JAN 29, 2024 11:35 AM PST

Unveiling Mars' Methane Mystery: Insights from Atmospheric Pressure Fluctuations

Is there life on Mars or has life ever existed in its ancient past? What conditions would be the right combination for life to exist there? These questions are what NASA’s Curiosity and Perseverance rovers are trying to answer as they continue to explore the barren and dry landscape of the Red Planet in hopes of unlocking its secrets above or buried deep beneath the surface. One such component that could contribute to life is methane, which has been identified by the Curiosity rover to exist on Mars in bursts. Now, a recent study published in Journal of Geophysical Research Letters: Planets (JGR: Planets) hopes to explain why, how, and when these methane gases reach the surface in bursts. This study holds the potential to help scientists better understand the internal mechanisms of Mars and whether this could lead to life existing on the Red Planet.

2019 news report discussing Curiosity finding methane on Mars.

“Understanding Mars’ methane variations has been highlighted by NASA’s Curiosity team as the next key step towards figuring out where it comes from,” said John Ortiz, who is a PhD Student Researcher at Los Alamos National Laboratory and lead author of the study. “There are several challenges associated with meeting that goal, and a big one is knowing what time of a given sol (Martian day) is best for Curiosity to perform an atmospheric sampling experiment.”

For the study, the researchers used a multitude of computer models to simulate the transport of methane from the Martian subsurface compared to atmospheric methane levels with the goal of determining when Curiosity should use its instruments to sample the methane gas as it escapes the subsurface to provide a best analysis of these processes. In the end, the researchers determined that the best time for Curiosity to sample these methane outbursts are late morning or early evening with their models predicting “short-lived methane pulses prior to sunrise for Mars' upcoming northern summer period”, according to the researchers.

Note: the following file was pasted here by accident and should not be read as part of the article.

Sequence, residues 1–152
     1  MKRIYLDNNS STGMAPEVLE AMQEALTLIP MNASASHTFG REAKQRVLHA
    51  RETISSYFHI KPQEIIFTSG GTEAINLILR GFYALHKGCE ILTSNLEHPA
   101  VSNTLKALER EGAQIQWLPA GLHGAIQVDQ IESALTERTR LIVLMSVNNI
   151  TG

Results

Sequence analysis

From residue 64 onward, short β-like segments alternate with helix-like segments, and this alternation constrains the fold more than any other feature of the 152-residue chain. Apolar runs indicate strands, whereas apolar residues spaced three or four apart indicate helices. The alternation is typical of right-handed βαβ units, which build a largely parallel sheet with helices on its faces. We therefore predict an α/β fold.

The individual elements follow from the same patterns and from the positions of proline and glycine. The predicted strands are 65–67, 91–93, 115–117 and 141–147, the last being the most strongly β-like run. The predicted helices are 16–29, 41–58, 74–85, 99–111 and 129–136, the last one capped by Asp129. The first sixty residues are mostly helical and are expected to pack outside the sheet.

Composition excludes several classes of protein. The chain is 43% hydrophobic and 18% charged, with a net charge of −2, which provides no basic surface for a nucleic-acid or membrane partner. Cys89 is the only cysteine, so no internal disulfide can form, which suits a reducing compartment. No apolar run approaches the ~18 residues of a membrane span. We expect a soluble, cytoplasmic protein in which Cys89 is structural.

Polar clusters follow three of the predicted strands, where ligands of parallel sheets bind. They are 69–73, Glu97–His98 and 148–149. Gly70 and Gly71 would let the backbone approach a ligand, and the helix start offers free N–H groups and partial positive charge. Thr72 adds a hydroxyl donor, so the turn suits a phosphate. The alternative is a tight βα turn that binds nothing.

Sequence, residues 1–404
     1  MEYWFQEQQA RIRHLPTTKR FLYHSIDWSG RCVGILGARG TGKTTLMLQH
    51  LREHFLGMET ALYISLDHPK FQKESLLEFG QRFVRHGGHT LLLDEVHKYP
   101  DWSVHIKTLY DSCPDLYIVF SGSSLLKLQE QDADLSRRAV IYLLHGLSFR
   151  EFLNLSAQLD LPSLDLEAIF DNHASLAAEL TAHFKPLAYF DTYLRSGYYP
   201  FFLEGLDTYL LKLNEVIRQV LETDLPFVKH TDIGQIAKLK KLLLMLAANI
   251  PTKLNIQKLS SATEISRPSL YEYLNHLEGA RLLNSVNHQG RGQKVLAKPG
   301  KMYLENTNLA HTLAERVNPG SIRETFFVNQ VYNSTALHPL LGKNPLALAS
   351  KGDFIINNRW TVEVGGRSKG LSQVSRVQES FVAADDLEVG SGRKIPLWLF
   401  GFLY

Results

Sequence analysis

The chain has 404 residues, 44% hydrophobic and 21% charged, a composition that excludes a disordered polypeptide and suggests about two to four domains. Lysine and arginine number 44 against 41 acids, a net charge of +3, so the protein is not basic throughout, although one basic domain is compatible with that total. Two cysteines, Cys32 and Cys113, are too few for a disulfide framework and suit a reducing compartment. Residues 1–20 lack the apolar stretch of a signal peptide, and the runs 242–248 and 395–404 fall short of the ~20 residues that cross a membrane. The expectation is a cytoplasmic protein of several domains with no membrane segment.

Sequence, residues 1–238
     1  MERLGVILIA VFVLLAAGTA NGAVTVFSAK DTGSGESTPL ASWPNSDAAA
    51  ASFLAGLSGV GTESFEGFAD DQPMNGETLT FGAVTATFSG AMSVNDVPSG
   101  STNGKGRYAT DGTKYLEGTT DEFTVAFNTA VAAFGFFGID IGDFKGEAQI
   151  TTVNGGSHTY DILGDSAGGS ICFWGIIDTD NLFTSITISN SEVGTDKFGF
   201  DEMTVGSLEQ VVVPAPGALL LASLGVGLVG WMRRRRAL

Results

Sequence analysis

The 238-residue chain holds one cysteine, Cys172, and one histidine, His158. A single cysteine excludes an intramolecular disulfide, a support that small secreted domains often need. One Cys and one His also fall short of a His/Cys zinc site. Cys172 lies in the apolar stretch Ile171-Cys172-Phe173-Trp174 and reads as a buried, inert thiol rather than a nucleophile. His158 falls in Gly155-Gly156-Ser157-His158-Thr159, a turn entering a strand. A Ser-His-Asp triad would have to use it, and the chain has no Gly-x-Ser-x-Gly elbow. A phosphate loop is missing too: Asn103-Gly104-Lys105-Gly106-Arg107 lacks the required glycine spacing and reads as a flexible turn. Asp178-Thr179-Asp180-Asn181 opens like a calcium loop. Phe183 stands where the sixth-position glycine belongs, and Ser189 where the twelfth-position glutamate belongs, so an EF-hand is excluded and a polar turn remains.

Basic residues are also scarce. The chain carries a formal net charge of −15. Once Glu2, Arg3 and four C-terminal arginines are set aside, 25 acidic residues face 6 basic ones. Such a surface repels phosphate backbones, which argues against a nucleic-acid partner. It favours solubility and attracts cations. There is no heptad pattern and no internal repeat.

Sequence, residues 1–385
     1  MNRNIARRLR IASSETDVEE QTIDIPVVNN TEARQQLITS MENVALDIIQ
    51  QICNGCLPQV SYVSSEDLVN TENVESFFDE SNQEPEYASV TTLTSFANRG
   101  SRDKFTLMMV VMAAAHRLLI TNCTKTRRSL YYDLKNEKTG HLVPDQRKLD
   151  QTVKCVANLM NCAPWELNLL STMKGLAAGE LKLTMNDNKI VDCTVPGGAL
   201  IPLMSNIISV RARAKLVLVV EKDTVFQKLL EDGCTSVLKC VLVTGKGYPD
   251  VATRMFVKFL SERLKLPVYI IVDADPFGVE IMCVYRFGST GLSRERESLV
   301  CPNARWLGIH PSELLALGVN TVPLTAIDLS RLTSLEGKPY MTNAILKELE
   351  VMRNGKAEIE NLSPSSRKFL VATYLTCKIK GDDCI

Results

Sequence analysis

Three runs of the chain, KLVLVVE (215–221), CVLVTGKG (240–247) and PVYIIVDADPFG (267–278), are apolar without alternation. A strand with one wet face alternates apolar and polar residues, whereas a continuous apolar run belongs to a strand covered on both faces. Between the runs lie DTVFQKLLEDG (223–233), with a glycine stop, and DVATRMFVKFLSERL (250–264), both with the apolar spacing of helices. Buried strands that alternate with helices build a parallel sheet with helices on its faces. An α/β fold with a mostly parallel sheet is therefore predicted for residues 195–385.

As noted, methane is a potential component for life, and better understanding methane processes on Mars could help scientists gain greater insight into whether life currently exists, or once existed, on the Red Planet.

What new discoveries will Curiosity make about methane outbursts on Mars in the coming years and decades? Only time will tell, and this is why we science!

As always, keep doing science & keep looking up!

Sources: JGR: Planets, ScienceDaily, Los Alamos National Laboratory

Featured Image: Selfie image of NASA’s Curiosity rover taken on October 11, 2019. (Credit: NASA/JPL-Caltech/Malin Space Science Systems)

About the Author
Master's (MA/MS/Other)
Laurence Tognetti is a six-year USAF Veteran who earned both a BSc and MSc from the School of Earth and Space Exploration at Arizona State University. Laurence is extremely passionate about outer space and science communication, and is the author of "Outer Solar System Moons: Your Personal 3D Journey".
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